Canada has quarantined an Alberta farm and is testing a dairy cow that was heavily pregnant and suspected of having mad cow disease, the Canadian Food Inspection Agency said Monday.
WINNIPEG Canada has quarantined an Alberta farm and is testing a dairy cow that was heavily pregnant and suspected of having mad cow disease, the Canadian Food Inspection Agency said Monday.
"The investigation is still in its very preliminary stages. We will, of course, be checking out its 2004 or 2005 calf, if they were born. If they were born, these animals are of interest to us," said George Luterbach, a veterinarian with the federal food safety agency.
"The animal was in its last trimester, or heavily pregnant, so its 2006 progeny or calf was not born," said Luterbach.
The CFIA is testing the 50-month-old cow after it died on an Alberta farm near the Alberta capital of Edmonton. It was singled out through a surveillance program for bovine spongiform encephalopathy (BSE), commonly known as mad cow disease. Preliminary tests were not able to rule out BSE.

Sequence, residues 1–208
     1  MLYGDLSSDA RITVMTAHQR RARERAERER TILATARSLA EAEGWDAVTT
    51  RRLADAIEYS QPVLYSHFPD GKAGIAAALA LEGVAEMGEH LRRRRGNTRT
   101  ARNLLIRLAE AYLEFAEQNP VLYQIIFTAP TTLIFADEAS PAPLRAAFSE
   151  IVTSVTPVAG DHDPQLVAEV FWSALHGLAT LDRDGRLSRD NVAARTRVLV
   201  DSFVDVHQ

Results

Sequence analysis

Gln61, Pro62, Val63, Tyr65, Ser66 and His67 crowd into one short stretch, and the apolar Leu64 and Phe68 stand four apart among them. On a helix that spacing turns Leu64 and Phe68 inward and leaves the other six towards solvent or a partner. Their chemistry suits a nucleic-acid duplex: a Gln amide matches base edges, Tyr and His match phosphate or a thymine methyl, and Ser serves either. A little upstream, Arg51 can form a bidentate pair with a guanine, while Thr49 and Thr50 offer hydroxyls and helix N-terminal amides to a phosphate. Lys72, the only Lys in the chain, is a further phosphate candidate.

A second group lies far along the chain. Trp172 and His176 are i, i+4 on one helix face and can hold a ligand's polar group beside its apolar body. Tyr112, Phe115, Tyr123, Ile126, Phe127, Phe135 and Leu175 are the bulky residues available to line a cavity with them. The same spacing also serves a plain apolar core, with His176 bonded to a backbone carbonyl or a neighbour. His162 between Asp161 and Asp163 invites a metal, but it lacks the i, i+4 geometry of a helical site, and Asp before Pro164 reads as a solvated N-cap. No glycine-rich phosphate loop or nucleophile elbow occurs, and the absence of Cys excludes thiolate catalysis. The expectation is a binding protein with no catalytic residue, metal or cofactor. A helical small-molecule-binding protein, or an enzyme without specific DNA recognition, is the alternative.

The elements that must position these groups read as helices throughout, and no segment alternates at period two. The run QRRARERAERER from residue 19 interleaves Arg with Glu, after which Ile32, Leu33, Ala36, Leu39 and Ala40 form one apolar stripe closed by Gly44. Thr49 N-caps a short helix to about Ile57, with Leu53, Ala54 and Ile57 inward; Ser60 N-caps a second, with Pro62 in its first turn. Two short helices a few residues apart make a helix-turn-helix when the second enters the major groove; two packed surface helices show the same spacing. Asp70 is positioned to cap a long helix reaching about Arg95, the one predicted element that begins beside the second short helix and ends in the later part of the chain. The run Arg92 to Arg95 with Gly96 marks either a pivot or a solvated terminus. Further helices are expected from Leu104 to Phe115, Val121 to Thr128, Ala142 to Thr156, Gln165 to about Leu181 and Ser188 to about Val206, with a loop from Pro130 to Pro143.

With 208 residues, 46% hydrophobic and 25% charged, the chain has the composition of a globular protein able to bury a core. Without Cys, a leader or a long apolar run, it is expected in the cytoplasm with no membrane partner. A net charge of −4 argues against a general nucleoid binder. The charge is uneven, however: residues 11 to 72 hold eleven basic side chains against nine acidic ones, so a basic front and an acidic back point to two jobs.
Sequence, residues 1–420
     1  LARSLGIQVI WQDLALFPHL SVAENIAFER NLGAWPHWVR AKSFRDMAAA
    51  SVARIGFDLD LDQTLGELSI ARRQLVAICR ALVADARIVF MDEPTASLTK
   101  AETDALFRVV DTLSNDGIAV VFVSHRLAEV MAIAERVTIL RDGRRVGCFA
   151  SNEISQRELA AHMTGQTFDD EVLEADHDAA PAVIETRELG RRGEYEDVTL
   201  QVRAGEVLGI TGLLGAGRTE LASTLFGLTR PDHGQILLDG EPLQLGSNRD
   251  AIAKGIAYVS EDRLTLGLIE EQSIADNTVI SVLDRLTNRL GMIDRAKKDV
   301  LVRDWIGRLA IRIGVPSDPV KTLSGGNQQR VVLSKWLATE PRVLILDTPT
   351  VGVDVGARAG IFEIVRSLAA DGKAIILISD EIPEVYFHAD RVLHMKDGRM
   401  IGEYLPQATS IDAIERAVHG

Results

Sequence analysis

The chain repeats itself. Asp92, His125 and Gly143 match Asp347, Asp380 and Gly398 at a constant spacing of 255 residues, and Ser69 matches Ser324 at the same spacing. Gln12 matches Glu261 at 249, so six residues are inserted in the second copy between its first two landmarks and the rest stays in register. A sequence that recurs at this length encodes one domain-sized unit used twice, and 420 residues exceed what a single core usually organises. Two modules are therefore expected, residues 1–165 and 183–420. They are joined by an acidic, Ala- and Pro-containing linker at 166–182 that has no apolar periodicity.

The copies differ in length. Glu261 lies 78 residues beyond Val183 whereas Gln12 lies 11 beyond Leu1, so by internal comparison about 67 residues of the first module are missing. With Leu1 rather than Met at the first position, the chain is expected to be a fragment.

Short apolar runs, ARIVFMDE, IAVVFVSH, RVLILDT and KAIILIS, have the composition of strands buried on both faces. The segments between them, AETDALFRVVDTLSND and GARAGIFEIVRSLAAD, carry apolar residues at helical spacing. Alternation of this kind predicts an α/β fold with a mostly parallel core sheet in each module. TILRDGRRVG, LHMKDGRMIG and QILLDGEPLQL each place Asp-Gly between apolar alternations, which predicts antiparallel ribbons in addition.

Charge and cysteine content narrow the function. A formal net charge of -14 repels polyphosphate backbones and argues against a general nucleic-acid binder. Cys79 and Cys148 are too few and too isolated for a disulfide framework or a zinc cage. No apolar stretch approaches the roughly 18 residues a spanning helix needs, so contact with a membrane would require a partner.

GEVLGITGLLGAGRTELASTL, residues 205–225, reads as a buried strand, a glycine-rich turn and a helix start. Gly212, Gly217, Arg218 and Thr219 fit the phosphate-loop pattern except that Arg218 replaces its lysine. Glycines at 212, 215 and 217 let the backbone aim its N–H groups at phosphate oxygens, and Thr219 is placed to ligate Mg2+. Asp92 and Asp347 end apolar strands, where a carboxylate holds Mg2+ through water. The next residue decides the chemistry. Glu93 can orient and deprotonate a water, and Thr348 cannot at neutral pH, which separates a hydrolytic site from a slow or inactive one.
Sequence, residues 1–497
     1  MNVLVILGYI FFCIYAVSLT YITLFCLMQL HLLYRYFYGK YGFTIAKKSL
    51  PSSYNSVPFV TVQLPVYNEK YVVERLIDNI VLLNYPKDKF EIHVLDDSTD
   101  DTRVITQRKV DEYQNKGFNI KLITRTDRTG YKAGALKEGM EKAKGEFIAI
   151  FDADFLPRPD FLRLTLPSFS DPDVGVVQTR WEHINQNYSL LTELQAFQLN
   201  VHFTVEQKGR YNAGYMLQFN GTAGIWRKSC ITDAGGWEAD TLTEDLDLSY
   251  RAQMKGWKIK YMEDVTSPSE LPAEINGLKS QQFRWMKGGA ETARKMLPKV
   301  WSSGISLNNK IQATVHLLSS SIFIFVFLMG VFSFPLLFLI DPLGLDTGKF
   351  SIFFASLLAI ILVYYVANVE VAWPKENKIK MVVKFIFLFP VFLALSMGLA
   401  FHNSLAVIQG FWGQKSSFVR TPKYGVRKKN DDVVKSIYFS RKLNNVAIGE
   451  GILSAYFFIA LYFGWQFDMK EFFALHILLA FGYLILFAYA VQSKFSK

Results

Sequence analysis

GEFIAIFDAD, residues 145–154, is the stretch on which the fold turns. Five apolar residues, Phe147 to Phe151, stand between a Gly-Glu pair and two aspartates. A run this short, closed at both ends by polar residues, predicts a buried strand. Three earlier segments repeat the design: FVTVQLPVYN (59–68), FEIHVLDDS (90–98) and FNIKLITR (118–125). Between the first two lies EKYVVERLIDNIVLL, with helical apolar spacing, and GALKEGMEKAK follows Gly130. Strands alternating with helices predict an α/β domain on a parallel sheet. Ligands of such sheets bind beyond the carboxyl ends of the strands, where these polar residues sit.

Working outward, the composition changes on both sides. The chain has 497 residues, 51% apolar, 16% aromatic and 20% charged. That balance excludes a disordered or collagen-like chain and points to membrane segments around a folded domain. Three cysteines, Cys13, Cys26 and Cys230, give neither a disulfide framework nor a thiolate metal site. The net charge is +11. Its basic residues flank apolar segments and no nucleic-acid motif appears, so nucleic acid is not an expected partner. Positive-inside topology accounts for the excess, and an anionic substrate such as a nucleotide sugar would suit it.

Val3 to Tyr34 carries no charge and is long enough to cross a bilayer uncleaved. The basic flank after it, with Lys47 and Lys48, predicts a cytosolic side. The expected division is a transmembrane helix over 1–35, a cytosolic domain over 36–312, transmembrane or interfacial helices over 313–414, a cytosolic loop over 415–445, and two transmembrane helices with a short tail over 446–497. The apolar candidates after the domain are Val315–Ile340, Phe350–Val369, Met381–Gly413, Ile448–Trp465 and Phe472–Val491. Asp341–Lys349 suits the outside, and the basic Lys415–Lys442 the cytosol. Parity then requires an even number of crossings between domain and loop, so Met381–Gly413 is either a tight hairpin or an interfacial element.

"The animals on this farm are animals that are under quarantine," said Luterbach.
The veterinarian didn't know how many animals were on the farm and emphasized the property was in the preliminary stages of investigation. The cow suspected of having BSE was born on the farm where it died and did not enter the human food or animal feed supply, he said.
More test results are due by the end of the week, he said.
If tests prove positive for the brain-wasting disease, this would be Canada's seventh case since 2003, when international markets initially banned Canadian beef and cattle. Many countries have gradually reopened their borders, with various restrictions.
U.S. cattle markets appeared to be unaffected by the news of the latest suspected mad cow case.
"I don't think it will have a big effect," Dennis Smith, a livestock broker with Archer Financial, said of the cattle market's reaction.
Another mad cow case should not cause the U.S. to halt beef and cattle trading between the two countries, analysts said.
Last week, the CFIA confirmed Canada's sixth mad cow case since 2003.
The brain wasting disease is believed to be spread by contaminated feed. The suspect Alberta cow was born after Canada's 1997 feed ban, when the inclusion of protein from ruminants such as cattle and sheep was banned from cattle feed.
That ban will be expanded in July 2007 when specific cattle tissues, including the brain and spinal cord, capable of transmitting mad cow disease, will be banned from all livestock and pet feed.
The CFIA aims to eliminate mad cow disease within the next 10 years.
(Additional reporting by Bob Burgdorfer in Chicago)